Think of it: kids 8 to 13 years old sailing smoothly on the Marco waters.

The City of Marco Island provides that opportunity in its Opti Camp Introduction to Sailing, which has been in operation for 10 years.

The Opti sailing boat was designed by Clark Mills in Florida in 1947 at the request of the local businessman's Optimist Club, which presumably was what gave the boat its name. It was later introduced to Denmark and the United Kingdom before spreading internationally. The International Optimist Dinghy Association, the governing body for this class of boats, now has 112 member countries.

The city was very thankful to the Bill Rose Marco River Marina for allowing the camp to be operated there and now it is at the Marco Island Community Sailing Center along the Marco River at the Marco Yacht Club.

It has boat storage for the 13 Opti prams used for sailing, a nice dock site and picnic tables where classes can be held. At another storage location are six two-person boats (420s).

The objective of the one-week course is to follow U.S. Sailing guidelines to earn certification for Small Boat Sailing. Opti boats are single sailing vessels about seven feet long.

Sue MacMorris is the head instructor and coach for the program. She receives assistance from other certified instructors, including M.A. Kline, former fleet commander of the Marco Island Yacht Club.

Kline said that the kids learn valuable skills and build confidence.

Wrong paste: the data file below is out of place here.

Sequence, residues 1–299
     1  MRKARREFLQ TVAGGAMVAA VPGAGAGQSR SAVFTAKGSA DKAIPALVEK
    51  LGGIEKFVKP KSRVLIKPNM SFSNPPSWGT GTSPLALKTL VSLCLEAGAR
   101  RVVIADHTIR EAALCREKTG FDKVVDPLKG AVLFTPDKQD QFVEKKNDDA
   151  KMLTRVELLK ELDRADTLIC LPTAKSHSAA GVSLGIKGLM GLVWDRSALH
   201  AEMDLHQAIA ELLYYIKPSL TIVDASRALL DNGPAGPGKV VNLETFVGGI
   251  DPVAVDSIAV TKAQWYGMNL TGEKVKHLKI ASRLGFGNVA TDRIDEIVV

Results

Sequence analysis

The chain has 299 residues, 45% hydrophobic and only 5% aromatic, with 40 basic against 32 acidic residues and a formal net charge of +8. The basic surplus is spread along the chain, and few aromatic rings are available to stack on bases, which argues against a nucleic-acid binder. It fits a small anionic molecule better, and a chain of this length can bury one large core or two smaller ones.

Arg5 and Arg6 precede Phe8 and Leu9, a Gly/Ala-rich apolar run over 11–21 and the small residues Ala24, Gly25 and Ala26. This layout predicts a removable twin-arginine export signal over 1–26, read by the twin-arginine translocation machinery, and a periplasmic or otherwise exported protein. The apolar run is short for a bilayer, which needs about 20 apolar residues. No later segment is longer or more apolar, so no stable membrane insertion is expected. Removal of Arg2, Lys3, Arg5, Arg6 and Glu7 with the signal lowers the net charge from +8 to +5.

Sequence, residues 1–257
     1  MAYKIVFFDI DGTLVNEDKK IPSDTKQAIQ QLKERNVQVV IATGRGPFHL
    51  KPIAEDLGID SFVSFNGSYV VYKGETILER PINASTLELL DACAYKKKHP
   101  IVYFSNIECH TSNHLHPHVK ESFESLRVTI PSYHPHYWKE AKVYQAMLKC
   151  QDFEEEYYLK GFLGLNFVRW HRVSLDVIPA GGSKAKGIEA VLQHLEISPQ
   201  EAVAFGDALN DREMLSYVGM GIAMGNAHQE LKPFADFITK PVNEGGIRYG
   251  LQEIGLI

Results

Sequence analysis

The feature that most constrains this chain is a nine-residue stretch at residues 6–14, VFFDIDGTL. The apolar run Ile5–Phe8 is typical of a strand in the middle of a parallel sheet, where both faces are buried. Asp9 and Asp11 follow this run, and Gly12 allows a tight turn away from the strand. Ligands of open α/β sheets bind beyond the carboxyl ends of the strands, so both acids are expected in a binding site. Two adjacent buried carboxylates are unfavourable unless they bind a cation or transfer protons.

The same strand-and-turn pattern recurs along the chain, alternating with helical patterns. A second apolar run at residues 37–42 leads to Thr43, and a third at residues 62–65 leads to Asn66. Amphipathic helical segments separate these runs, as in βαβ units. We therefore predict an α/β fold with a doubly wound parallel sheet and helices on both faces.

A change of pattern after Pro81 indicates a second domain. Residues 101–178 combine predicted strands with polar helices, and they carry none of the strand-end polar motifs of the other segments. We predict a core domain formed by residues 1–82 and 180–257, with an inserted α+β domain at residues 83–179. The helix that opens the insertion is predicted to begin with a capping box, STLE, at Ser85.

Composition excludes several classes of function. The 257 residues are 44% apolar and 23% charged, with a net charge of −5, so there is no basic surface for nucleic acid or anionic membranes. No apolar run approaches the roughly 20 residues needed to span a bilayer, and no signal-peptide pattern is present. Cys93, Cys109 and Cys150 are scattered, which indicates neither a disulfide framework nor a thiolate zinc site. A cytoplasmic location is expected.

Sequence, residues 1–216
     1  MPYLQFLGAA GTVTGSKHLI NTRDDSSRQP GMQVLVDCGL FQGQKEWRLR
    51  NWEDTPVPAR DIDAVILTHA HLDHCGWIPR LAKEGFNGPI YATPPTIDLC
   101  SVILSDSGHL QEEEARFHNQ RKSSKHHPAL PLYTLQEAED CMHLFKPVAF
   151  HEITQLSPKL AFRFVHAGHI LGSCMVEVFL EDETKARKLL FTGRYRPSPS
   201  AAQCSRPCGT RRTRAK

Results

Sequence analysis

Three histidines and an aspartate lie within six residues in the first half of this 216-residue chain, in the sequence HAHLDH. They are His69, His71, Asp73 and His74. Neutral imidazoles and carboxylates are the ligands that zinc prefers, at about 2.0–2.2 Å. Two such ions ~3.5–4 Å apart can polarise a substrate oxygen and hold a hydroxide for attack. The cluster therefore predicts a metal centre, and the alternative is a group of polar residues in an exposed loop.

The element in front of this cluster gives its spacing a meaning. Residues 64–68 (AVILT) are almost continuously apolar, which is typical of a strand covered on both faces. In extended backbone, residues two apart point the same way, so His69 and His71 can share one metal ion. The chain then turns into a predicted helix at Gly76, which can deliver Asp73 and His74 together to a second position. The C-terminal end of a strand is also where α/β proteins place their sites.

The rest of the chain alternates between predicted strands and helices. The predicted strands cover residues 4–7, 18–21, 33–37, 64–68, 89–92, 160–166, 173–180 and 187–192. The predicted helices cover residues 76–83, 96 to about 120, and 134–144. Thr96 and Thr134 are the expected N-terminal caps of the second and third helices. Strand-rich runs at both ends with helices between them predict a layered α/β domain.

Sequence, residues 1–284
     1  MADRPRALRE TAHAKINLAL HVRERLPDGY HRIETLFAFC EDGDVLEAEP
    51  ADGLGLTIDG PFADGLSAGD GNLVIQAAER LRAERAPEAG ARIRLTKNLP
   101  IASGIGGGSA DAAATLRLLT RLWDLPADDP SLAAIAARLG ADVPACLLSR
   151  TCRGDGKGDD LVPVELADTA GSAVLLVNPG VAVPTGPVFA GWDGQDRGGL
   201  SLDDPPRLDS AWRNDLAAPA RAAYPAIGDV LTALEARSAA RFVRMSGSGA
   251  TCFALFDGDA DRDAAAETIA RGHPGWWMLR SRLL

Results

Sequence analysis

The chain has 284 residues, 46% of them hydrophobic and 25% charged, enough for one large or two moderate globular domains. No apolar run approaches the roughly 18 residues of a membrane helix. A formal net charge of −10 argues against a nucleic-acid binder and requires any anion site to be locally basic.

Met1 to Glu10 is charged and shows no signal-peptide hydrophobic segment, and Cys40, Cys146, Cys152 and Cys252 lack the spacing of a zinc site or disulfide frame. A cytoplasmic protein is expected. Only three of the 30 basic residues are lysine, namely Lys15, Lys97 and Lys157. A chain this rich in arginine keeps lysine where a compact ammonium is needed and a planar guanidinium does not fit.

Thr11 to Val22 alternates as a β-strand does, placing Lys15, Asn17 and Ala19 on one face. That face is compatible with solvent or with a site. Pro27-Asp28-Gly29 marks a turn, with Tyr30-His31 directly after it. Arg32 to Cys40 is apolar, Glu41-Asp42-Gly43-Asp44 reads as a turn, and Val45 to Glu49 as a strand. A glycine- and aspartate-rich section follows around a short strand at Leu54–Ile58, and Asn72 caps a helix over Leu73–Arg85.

"Many have never been in a boat," Kline said. "But once they go through the capsize and recovery drill they gain confidence and do well through the rest (of the learning)),"

Arianna and Brian Laurent have taken the course the past three years.

Arianna, 10, who won a sailing race on Friday, said, "I like it when you are going fast and have that feeling of control."

Brian, 12, said, "Sailing is a very active time. Once you get the feeling you know sailing is meant for you."

"The Little Red Book," plots the learning course. Wind direction, rigging, knots and lines, steering, tacking, and overboard recovery are some of the points to be learned for certification.

MacMorris tossed in a fun way to learn about recovery, using coconuts, fondly named "Wilson," for the students to "rescue." Jasmin Schauer, 9, and Bella Peters, 9, were all smiles when they rescued "Wilson."

Schauer enjoyed the coneraderie with other kids her age. "You also get to solo sail and learn about safety," she said.

Other participants in the course were Declan Keefe, Kasey and Ryenn Hart, Yasmine Mettawa and Rocky Gurgenidze.

Assisting MacMorris is son Jordan, Kline, and volunteers Jeroen, 16, and Eline Poelstra, 13, who took the course a year ago.

The course runs weekly through Aug. 17, with the week of July Fourth off. The cost is $90 for Marco residents and $108 for nonresidents.

Once the "sailors" have been certified the next step can be Intermediate Sailing. It is a course that runs over four weeks, headed by Rocky Cale, president of the Marco Island Community Sailing Center. This program can advance participants into sailing competition.

Zachariah Shemel, 11, has begun competing in area regattas.

Also for ages 8 to 13, the next course begins on July 16, going from 1 to 4 p.m., Tuesday, Wednesday and Thursday.

Cost of the course is $320 for Marco residents and $384 for nonresidents.

Preregistration is required for both courses. Call the Parks & Recreation Department at 642-0575.

© 2012 marconews.com. All rights reserved. This material may not be published, broadcast, rewritten or redistributed.